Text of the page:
Government plans to raise the profile of childcare will prove a boon to universities, Claire Sanders reports in the third of our series on employer-led higher education.
The Government's determination to improve the lot of children will result in universities getting millions of pounds and thousands of students. The creation of a new profession, the "early-years professional", has been hailed as a breakthrough for children, and it could also be a boon to universities.
Up to now, a larger slice of the education budget for nursery education has meant less for higher education. But both stand to benefit under these latest reforms.
The remodelling of the childcare workforce stems from the publication in 2003 of Every Child Matters , in which the Government outlined radical changes in children's services to bring schools, social services and health workers closer together.
A new children's workforce strategy was subsequently published, and in 2005 the Children's Workforce Development Council was set up. A key element of the strategy is the creation of early-years professionals - all of whom will need to be trained.
"The development of the childcare workforce certainly does represent a major opportunity for universities," said Keith Brumfitt, director of research and development at the CWDC. "To date, the majority of the expressions of interest in training people to the new professional standards are from universities."
The Government has set aside more than £300 million in a transformation fund for training purposes. Of this, £250 million is set aside for local education authorities to release people from work so they can undertake the new training. The bulk of the cash will go towards raising the skills of staff in private commercial nurseries and ones run by volunteers.
The rest, nearly £51 million, will be distributed to training providers by the CWDC. The council has moved fast. In July, it published a list of the skills, knowledge and practical experience that early-years workers will have to meet to achieve the new professonal status.
Candidates, who must all have a degree or equivalent qualification, can follow a number of routes.
The fastest route is for those with a relevant degree and considerable experience of working in early-years settings, a primary school teacher, for example.
Those with an early-years foundation degree will take a longer route. The full training pathway of 12 months is for those with a graduate-level qualification but limited early-years experience.
This month, 600 students will enrol with ten universities and their partners in the first phase. These fast-track students are expected to achieve professional status in January 2007.
Then the council will move to the second phase. It is already taking bids to train about 9,000 students to the new professional status, this time on a variety of paths. The closing date for the bids is September 22, 2007.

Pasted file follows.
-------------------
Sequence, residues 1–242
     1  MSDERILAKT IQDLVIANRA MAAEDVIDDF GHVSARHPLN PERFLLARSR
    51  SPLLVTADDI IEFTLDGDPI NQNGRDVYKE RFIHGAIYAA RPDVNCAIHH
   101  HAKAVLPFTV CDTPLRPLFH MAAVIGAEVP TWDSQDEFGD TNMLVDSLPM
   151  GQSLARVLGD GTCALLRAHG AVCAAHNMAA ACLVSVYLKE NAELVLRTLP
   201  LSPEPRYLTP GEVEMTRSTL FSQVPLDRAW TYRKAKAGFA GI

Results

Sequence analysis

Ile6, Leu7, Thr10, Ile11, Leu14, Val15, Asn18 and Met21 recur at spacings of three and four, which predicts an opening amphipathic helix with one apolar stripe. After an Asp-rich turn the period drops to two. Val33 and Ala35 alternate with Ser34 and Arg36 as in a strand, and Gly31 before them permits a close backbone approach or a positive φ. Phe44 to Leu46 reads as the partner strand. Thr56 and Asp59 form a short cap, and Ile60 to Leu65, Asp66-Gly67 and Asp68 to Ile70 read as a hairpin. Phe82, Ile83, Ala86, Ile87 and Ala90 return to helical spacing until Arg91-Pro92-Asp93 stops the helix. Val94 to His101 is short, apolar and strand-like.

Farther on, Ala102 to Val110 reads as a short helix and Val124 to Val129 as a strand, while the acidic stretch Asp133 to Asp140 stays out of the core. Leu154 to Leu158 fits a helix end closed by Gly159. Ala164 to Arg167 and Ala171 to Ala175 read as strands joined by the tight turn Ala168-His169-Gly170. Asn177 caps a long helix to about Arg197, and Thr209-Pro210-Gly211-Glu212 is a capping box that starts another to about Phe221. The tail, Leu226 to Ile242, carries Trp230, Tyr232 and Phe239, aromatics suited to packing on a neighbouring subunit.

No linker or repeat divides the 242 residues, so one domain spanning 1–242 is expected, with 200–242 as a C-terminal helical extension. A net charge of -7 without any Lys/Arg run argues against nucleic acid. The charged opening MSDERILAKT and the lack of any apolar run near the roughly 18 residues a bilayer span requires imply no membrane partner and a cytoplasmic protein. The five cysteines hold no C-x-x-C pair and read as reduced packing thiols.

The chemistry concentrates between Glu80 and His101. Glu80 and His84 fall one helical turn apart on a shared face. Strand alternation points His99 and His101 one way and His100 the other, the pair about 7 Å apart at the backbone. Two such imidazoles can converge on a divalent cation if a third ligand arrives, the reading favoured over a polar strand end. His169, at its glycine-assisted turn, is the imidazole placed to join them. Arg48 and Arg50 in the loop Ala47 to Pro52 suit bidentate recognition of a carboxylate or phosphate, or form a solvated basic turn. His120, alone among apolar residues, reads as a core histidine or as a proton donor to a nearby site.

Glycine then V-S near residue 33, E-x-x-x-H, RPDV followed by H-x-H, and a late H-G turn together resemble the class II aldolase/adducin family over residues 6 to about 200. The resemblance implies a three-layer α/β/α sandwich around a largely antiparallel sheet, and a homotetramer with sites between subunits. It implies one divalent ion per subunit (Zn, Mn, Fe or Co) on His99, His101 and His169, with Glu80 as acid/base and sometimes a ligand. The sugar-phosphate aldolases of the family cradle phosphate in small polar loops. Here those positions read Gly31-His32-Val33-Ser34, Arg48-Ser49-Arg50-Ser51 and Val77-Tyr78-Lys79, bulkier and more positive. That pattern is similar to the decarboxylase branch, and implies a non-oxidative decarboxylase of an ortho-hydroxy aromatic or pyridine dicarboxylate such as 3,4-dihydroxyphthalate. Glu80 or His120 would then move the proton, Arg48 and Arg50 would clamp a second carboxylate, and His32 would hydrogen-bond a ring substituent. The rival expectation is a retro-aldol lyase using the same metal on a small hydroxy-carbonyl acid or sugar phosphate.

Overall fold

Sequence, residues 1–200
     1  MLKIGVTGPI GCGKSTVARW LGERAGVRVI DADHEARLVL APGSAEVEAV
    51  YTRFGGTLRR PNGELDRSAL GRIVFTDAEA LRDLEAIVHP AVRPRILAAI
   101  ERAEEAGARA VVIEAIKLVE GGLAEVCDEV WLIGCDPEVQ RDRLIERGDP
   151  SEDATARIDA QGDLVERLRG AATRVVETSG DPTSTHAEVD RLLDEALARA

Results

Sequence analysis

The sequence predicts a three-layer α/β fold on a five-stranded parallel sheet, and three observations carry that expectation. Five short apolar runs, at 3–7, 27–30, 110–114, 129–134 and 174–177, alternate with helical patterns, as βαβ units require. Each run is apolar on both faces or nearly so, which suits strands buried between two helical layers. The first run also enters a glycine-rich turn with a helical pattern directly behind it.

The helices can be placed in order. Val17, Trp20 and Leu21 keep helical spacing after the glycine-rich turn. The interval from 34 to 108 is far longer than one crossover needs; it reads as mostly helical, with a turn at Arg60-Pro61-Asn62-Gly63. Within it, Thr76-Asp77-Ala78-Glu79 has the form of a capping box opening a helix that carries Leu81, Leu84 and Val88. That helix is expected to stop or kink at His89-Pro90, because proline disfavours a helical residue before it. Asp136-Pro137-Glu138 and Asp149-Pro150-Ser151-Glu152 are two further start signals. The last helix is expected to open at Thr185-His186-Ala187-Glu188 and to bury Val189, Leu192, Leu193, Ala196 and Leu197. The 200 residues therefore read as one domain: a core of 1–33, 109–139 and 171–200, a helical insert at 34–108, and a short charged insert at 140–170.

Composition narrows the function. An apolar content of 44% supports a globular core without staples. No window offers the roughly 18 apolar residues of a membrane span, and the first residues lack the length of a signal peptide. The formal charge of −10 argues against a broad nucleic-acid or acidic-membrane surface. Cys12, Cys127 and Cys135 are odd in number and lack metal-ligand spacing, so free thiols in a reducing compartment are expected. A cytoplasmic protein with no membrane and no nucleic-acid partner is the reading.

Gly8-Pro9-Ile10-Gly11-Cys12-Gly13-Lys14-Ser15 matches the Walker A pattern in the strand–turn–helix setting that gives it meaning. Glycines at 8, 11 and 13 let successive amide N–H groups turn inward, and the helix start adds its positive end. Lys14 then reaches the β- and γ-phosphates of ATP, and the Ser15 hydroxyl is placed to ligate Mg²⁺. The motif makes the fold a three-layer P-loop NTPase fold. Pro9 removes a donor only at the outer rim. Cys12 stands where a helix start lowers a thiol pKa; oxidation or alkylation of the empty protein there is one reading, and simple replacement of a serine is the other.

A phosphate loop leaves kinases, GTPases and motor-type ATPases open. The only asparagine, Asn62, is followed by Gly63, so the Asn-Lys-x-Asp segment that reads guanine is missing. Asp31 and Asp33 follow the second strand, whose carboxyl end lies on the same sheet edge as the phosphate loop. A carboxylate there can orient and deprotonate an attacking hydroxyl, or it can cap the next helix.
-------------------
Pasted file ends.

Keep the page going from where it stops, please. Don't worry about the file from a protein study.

"To date there appear to be four categories of university interested in doing this work," Mr Brumfitt said. "There are those with a track record in primary teaching, a track record in social work, those that have developed courses on integrating social services and the commercial arms of universities - that is those with a track record of providing in-service training with the professions."
Although he said it was too early to say which route universities were planning to offer, he noted: "Over time, universities will probably offer an academic qualification to those achieving professional status, rather as those with qualified teacher status achieve degrees. For the first tranche, the timescale has made this difficult."
As employers are being paid to send their staff on these courses and providers are being paid to run them, universities cannot charge students any extra fees. Graduates not currently in employment are not excluded, however. "The council pays the fees of these students and offers a £5,000 bursary," Mr Brumfitt said.
The CWDC's plans are ambitious. By 2008, it wants practitioners with early-years professional status in all children's centres offering childcare, and by 2015 it wants such professionals in all daycare centres.
However, funding is guaranteed only until April 2008, and any future developments are very much dependent on the outcome of the next Comprehensive Spending Review.
In the meantime, it is clear that this money could represent a major new funding stream for universities, and the Higher Education Funding Council for England has included it as a key part of its employer-led strategy.
Universities involved in the first phase of plans to create early-years professionals.
Leeds Metropolitan University